Shares in Unix vendor SCO Group plunged over 70% to open at just $0.45 on Monday, valuing the company at under $10m and making it a prime takeover target following an adverse legal ruling.
The company’s share price had closed at $1.56 on Friday ahead of a court ruling that Novell, and not SCO, was the rightful owner of the copyrights for the Unix operating system. The price remained steady in early trading, however, valuing the company at about $9.5m.
That value can be expected to drop further if SCO incurs further losses as Novell’s counterclaims go to trial in mid-September, particularly as it is decided exactly how much SCO owes Novell from the licensing agreements it struck with Microsoft and Sun.
Those agreements generated $25.9m in revenue for SCO in early 2003 and helped finance its breach of contract claim against IBM. Last week Judge Dale Kimball ruled that under the terms of an agreement between Novell and SCO’s predecessor, SCO owed Novell a proportion of that revenue to be decided at trial.
Novell had asked for a summary judgment that it was entitled to 100% of the revenue minus a 5% administration fee and for the money to be placed in a constructive trust in case SCO spent the money before Novell could get its hands on it.
Judge Kimball ruled however that there was doubt as to what portion of the Microsoft and Sun revenues related to System V code, for which Novell has a royalty claim, and how much related to UnixWare code, to which it does not.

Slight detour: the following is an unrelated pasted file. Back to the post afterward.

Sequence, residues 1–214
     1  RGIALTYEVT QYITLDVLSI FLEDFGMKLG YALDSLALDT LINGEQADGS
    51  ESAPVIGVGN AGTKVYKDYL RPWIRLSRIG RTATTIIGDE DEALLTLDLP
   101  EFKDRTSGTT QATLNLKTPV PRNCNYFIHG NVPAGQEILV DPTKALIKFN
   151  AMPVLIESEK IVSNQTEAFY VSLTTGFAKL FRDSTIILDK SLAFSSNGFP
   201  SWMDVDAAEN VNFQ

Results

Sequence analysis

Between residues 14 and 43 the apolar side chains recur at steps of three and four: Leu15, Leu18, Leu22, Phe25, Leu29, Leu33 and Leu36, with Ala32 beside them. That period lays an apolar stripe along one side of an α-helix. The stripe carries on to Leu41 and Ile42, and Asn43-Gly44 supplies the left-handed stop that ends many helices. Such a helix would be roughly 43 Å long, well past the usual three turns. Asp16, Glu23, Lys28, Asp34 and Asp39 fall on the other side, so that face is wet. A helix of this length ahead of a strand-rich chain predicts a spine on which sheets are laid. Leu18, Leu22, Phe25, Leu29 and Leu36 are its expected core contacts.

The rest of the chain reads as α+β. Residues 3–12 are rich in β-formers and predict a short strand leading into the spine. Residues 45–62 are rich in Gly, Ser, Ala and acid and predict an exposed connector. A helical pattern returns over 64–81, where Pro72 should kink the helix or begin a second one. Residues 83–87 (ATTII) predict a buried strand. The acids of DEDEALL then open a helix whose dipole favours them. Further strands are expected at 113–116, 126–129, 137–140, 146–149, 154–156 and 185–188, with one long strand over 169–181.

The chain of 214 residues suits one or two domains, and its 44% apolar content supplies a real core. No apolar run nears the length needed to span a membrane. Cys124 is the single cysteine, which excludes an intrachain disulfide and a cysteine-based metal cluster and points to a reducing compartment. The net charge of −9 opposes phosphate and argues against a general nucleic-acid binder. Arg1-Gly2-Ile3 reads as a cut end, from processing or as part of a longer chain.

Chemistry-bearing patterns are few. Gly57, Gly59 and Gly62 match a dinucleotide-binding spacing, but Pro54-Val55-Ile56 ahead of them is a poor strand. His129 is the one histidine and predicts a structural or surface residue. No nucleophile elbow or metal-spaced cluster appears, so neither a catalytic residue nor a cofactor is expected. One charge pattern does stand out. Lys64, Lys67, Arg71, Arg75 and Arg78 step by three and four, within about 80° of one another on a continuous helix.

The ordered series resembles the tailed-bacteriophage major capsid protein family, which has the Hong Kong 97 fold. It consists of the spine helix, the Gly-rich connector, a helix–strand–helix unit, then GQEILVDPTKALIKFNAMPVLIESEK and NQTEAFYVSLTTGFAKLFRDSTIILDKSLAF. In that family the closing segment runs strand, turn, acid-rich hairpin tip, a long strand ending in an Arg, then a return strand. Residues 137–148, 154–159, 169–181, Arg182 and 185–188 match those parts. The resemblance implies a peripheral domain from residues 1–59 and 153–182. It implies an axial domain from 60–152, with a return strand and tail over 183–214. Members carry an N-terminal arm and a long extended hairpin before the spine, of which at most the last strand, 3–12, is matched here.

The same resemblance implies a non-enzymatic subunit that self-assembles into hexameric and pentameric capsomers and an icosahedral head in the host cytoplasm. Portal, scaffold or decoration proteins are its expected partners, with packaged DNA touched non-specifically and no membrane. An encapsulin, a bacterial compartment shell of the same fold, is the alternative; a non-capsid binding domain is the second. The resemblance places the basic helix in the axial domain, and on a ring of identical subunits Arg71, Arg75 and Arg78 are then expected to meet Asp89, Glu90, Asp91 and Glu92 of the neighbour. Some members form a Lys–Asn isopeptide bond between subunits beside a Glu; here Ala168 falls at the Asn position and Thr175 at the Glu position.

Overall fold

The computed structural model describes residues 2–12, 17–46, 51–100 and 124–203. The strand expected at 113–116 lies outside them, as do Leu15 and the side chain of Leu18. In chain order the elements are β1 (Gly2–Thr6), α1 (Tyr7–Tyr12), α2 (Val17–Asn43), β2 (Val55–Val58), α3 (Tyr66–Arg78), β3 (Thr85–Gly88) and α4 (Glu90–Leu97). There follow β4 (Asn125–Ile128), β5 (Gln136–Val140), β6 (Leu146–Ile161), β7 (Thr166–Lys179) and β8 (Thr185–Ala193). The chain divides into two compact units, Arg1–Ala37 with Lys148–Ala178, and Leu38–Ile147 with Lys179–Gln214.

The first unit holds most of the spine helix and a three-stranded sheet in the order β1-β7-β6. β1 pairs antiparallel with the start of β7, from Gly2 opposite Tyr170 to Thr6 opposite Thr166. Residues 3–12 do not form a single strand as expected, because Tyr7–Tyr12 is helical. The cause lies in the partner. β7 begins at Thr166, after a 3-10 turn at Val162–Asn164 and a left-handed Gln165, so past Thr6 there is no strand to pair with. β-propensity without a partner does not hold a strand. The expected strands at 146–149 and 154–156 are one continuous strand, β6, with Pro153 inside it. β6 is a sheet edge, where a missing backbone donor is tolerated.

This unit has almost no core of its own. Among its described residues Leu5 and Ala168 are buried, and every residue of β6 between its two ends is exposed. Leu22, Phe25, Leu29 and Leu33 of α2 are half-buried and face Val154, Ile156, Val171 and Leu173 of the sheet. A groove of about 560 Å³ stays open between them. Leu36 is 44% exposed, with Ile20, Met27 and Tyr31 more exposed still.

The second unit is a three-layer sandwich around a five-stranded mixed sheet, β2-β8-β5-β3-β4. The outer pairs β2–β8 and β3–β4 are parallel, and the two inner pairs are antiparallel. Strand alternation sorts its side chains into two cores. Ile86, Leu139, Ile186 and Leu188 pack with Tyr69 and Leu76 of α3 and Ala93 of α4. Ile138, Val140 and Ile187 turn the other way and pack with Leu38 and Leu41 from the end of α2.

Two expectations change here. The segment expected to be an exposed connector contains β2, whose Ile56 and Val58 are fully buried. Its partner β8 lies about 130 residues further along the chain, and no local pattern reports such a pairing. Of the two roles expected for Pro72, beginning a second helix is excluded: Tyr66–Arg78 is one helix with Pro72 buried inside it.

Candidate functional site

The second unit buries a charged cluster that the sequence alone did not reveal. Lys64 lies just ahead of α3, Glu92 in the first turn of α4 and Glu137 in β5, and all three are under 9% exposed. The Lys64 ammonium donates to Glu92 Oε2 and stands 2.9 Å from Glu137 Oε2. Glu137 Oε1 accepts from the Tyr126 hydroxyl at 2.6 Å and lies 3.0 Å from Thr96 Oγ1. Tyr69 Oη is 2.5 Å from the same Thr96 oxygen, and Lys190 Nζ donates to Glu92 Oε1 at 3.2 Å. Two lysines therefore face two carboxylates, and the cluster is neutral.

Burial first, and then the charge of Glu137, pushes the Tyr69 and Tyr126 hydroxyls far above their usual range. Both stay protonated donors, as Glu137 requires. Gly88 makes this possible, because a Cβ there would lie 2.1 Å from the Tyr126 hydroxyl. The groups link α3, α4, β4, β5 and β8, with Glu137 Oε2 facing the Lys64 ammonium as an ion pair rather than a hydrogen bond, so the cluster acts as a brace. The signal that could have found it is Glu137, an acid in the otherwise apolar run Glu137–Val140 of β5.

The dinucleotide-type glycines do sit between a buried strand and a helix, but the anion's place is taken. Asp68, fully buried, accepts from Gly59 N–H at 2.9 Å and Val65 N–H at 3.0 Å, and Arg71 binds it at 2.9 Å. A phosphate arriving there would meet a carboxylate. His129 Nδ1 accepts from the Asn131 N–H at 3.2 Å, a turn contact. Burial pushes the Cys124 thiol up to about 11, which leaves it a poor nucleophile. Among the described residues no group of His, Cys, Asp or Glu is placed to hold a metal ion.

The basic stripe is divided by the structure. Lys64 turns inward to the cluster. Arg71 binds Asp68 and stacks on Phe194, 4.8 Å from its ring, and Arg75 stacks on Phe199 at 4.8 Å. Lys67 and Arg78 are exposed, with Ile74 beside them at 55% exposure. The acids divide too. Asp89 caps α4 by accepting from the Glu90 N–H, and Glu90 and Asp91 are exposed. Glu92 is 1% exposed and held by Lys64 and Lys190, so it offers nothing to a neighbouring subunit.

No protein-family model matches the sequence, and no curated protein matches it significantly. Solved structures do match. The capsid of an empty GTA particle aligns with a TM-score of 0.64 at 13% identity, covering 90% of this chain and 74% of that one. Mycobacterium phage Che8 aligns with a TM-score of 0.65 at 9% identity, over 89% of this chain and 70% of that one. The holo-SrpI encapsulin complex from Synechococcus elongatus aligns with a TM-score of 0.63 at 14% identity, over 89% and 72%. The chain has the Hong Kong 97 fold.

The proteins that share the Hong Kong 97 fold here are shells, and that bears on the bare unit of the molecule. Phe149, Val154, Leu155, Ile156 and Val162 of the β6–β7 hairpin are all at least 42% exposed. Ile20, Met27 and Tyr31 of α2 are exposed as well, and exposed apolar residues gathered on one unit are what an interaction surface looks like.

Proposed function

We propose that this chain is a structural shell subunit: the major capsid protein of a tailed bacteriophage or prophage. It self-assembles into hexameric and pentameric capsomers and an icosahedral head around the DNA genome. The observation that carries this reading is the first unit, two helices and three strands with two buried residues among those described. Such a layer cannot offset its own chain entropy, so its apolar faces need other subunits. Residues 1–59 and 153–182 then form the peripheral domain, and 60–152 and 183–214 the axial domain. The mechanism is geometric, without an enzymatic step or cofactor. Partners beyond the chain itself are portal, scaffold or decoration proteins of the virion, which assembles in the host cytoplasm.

How much of the $25.9m revenue Novell is entitled to will be decided at trial and could have an adverse affect on SCO’s ability to remain in business given its current financial position. According to the company’s most recent financial filing its cash and equivalents and restricted cash totaled $13.2m at the end of April, while it had total assets of $19.9m.
It remains to be seen how Sun and Microsoft will respond to the news that SCO did not own the Unix copyrights it apparently licensed from SCO, while investors behind the $60m raised by SCO since it made its legal claims could also come looking for a refund.
While SCO has expanded its focus to mobile infrastructure software in recent years its dwindling Unix business is still its most valuable asset and is the most likely reason the company’s share price has not dropped even lower.
The company’s products revenue was $4.9m in the quarter ended April 30, 2007, down from $5.7m in the comparable quarter last year and $13.1m in the same quarter in 2003. While SCO’s Unix business was in decline even before it started its legal campaign the Unix business could still attract takeover bids that increase the company’s overall value.
The fact that Novell retained rights over the original Unix System V code base while selling the associated operating system business helped complicate matters considerably and it would be in the interests of Unix and Linux vendors to have that code owned by a friendly party.
The most obvious solution would be for Novell to step in and acquire SCO as part of a settlement, but the given the company’s transition away from proprietary operating systems towards Linux, owning a Unix distribution is probably the last thing that it wants.
If IBM wanted to acquire SCO to either get rid of its legal claims or pick up its Unix business it could have done so for pocket change many years ago. Instead the company has indicated it wants to see the legal process through to its conclusion.
If SCO’s share price continues to drop, however, either Novell or IBM may find that they have no option but to make a move for SCO, however, if only to keep its Unix business out of the hands of others.